Pack your bags and clear your palate; Turkey will satisfy your mind, soul and stomach.
Turkey is Muslim...ish
Although most citizens identify as Muslim, Turkey is fairly open-minded compared to Morocco or Egypt. It is officially a secular State and no Islamic norms are enforced. Alcohol and tobacco are readily available and enjoyed by many locals, who adopt a “live and let live” attitude. That said, it’s a good idea to be a little more conservatively dressed than you would be in nearby Greece. By covering your shoulders and thighs you’ll be able to move around comfortably and enter most touristic sites. It’s a good idea for ladies to bring a scarf that doubles as a head covering, which is handy when visiting mosques. Remember that on the beachside towns, however, anything goes.
There’s more to eat than just kebabs
Turkish food is surprisingly underrated. There are the obvious choices; köfte meatballs, döner kebab and bountiful seafood dishes such as Pazıda Levrek. But you will also find incredible vegetarian dishes at the Turkish table. You must try sigara borek, cheese-filled cigarette-shaped pastries, dolma, stuffed vegetables, and Gozleme, which is a flatbread spiced with vegetables of your choice. There are also incredible desserts like pişmaniye, sugar and flour spun into filigree strands like fairy floss, and the soft and nutty halva. And of course, to wash all of that down you can’t look past the famous Turkish coffee.
Hammams will become an addiction
In Turkey, hammams are beautiful, ornately decorated and veritably ancient buildings where you can soak away your cares while marvelling at the architecture. The hammam experience is initially a bit uncomfortable as you are exposed to high heat and then vigorously scrubbed. But the relaxation that follows is sublime; your hair is shampooed, your body is soaped and with the help of many bubbles all of your aches and pains are massaged away. Finally, you are doused with refreshingly cool water before being sent off to relax with a cup of tea, wrapped in fluffy towels. Turkish hospitality is never more evident than in the hammam. Try the 16th-century Çemberlitaş Hamamı in Istanbul and marvel at the starry domed ceiling.
Public displays of affection may puzzle you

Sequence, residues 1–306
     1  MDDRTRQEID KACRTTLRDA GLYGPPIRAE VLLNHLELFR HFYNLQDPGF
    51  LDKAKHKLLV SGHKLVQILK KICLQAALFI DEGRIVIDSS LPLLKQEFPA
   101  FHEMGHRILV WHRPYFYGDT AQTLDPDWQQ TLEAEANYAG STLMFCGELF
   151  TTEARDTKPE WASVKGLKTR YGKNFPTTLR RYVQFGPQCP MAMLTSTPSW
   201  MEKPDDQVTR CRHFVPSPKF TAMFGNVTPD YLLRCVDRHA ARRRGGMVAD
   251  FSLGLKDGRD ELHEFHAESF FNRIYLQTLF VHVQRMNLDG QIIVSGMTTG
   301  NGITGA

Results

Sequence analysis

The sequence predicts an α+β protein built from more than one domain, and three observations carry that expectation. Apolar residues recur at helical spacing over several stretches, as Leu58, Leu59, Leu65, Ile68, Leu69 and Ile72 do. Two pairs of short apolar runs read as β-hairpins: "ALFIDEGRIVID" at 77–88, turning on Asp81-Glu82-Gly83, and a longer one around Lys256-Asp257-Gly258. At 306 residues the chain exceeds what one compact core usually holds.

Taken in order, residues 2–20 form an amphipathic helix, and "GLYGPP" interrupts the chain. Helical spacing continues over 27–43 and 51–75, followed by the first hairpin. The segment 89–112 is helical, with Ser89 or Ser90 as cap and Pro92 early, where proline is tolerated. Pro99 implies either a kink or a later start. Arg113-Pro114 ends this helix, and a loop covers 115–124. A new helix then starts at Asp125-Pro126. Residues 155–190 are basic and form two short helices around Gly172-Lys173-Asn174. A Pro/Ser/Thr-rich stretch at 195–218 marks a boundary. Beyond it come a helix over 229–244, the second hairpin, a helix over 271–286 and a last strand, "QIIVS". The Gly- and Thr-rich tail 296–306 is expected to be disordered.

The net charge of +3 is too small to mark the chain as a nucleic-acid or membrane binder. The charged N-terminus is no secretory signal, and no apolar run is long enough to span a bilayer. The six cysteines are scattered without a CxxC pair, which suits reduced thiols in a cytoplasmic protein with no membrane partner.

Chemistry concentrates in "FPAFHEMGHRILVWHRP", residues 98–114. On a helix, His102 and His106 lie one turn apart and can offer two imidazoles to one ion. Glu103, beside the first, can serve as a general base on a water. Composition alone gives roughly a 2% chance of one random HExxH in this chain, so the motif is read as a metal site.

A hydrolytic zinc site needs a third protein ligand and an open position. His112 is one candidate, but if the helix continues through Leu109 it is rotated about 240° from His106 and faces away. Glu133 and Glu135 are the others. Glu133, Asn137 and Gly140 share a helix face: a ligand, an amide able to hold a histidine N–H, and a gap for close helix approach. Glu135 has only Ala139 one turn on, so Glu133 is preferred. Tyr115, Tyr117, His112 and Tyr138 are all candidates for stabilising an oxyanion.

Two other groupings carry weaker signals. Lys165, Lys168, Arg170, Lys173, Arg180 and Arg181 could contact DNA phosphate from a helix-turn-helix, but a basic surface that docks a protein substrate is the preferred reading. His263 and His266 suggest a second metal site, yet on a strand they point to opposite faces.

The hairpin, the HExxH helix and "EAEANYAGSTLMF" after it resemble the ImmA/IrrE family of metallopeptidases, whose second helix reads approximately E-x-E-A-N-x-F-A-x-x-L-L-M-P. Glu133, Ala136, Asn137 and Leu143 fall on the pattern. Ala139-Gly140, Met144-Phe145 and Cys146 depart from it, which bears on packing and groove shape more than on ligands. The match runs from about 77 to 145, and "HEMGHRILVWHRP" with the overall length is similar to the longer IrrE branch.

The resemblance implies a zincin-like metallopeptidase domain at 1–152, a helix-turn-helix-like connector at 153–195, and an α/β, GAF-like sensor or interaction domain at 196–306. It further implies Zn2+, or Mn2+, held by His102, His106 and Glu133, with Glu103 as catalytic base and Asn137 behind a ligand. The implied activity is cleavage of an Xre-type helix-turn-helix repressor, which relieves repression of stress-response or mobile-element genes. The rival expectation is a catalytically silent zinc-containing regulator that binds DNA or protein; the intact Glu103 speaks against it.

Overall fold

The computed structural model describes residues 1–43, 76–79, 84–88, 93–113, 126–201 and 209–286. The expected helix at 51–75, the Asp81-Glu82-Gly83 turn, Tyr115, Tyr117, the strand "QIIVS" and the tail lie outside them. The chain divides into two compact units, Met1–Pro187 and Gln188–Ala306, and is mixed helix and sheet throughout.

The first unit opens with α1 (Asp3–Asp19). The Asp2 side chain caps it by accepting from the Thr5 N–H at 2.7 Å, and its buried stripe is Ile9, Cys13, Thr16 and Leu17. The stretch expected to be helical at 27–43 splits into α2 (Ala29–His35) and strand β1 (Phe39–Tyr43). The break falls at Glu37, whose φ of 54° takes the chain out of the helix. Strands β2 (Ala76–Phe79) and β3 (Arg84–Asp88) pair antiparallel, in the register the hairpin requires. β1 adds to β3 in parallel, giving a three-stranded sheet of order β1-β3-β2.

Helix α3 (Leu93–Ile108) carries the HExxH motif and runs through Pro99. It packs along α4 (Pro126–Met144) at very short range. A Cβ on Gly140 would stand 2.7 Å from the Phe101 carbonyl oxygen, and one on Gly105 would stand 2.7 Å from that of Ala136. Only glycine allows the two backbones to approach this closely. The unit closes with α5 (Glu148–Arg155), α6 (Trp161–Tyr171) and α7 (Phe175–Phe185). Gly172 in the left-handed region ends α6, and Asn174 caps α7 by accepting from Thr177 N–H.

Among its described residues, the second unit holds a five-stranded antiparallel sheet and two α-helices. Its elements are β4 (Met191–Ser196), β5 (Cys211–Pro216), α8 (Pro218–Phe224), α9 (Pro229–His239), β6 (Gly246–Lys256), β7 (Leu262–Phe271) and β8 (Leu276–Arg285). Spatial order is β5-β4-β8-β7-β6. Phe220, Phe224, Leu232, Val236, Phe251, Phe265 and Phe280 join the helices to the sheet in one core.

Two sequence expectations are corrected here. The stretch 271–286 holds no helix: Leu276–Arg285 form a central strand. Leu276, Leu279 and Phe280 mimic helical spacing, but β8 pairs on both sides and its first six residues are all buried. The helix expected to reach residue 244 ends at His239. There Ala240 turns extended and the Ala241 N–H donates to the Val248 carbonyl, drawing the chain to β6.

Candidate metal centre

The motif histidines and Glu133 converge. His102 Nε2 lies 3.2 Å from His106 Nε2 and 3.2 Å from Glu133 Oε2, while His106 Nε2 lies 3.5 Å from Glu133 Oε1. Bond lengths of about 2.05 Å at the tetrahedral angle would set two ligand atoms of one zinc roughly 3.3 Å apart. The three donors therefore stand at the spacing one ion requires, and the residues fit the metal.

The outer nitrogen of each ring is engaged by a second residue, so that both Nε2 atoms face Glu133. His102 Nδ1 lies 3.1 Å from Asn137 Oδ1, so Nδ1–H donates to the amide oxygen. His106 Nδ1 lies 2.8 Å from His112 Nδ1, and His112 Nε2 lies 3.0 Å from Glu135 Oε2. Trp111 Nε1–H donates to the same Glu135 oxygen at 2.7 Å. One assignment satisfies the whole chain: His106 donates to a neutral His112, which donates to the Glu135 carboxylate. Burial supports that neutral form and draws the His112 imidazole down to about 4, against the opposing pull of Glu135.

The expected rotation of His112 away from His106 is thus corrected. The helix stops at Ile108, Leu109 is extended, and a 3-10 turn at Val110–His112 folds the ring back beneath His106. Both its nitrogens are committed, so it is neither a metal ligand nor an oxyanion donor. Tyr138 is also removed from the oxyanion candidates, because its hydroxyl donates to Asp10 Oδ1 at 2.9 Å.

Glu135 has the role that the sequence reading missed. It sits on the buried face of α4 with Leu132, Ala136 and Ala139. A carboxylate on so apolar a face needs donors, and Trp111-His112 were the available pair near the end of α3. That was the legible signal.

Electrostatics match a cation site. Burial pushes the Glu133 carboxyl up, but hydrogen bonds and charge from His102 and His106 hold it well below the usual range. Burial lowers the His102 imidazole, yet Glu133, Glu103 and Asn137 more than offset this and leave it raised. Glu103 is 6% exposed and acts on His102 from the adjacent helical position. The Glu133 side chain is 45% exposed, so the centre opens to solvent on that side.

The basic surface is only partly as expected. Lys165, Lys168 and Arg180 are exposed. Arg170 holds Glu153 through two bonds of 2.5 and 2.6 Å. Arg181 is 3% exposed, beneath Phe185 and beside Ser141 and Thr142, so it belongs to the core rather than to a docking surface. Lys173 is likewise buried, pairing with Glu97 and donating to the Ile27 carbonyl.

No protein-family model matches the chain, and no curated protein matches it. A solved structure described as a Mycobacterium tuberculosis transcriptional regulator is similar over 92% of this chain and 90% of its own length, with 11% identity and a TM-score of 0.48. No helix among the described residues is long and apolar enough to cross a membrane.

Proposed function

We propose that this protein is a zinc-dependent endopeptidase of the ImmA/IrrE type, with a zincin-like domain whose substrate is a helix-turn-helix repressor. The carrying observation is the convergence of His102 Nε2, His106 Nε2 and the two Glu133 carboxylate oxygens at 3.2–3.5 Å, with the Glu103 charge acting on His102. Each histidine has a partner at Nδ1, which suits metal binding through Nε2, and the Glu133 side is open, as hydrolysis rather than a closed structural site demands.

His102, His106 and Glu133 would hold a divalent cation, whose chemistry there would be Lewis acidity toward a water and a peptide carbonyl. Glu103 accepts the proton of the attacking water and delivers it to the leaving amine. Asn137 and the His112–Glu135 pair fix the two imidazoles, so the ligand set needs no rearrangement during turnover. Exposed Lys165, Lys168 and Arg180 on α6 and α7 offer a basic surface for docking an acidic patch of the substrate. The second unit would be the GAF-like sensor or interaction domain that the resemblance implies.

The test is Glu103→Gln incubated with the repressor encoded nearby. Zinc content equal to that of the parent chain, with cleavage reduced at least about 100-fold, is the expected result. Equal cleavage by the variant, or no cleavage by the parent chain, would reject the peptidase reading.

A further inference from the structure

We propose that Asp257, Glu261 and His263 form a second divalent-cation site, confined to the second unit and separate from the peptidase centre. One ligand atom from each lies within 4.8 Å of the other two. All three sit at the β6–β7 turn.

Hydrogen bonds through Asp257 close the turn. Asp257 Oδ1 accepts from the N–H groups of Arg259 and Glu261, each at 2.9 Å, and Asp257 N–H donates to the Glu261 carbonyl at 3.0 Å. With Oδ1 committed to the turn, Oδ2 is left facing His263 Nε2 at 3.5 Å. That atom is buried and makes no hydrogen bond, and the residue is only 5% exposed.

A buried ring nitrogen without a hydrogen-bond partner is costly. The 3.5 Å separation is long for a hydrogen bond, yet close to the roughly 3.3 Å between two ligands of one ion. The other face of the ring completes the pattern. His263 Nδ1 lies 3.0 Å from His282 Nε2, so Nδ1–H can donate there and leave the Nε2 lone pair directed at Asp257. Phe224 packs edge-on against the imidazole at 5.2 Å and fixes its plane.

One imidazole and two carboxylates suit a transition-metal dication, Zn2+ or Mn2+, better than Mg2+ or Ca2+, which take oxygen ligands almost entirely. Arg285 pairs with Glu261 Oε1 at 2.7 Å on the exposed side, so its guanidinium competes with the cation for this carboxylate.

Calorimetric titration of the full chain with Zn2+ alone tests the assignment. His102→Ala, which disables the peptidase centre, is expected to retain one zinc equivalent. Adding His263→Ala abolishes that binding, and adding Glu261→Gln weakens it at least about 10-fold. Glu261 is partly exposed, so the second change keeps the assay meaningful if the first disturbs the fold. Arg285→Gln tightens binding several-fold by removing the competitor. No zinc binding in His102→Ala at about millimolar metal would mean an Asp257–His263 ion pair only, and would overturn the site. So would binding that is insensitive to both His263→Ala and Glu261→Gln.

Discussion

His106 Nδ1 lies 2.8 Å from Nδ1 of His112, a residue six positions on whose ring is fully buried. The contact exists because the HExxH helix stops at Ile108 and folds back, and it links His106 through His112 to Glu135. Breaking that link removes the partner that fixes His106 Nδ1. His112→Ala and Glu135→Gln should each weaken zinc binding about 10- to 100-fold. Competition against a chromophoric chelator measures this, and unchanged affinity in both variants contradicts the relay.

In Turkey, you won’t see couples canoodling in dimly lit restaurants or passionate kisses at the harbour. What you will see is grown men walking through the streets hand in hand. Turkish people are affectionate by nature, and men are much more demonstrative with their friends than those of us in the Western world. This charming habit is also adopted by women. Between opposite-sex friends and couples, however, public displays of affection are much rarer (and always above the waist). When meeting someone new for the first time in Türkiye, let them take the lead and wait for a proffered hand to shake, a cheek to kiss, or if you’re lucky, a rugged hand to hold.
You will see some of the best ruins in the world
Turkey's cultural heritage is impressive. The backdrop to many of the world’s defining battles, Turkey has seen civilisations rise and fall and whole cities sunk into the depths of its waters. Must-see highlights include Troy, Gallipoli, Ephesus and the little-known but wondrous Nemrut, a mountain summit scattered with ancient Mesopotamian mega statues. Fend off ruin-fatigue by researching the site’s history before arrival, so you can place what you are seeing in context.
Ramadan can be the best time of the year to visit
Ramadan is a holy month wherein observers avoid food, water and worldly pleasures until nightfall. Although you won’t see this practice as much in heavily touristic areas, in regional parts there is a subtle shift in behaviour. During the day, fasting men and women will be a little more subdued than usual but driven by charity, compassion, and forgiveness; important virtues reinforced by Ramadan. Attractions and restaurants remain open but with fewer visitors, allowing you to make the most of your time. And at night, the country comes alive again. The faithful break their fast with elaborate dinners and huge picnics, creating a celebratory atmosphere that you can be a part of.
Plugs: Turkey uses the double-pronged plug you see in Europe, types C and F.
Money: The currency is the Turkish Lira. Cash is useful for transport and market shopping.
Tipping: Tipping is not compulsory although a small tip of 5-10% is appreciated for waiters and other attendants.
Visa: Thirty-day visas are required for Australian and British citizens. Australians must purchase a visa on arrival while British and US citizens are able to apply for an e-visa. New Zealand passport holders are visa-exempt for stays up to 30 days.
Public toilets: Western-style public toilets are widely available in metropolitan areas, marked with ‘Bay’ (Mens’) or ‘Bayan’ (Ladies’). In regional areas squat toilets are commonplace. Best start working on your quads.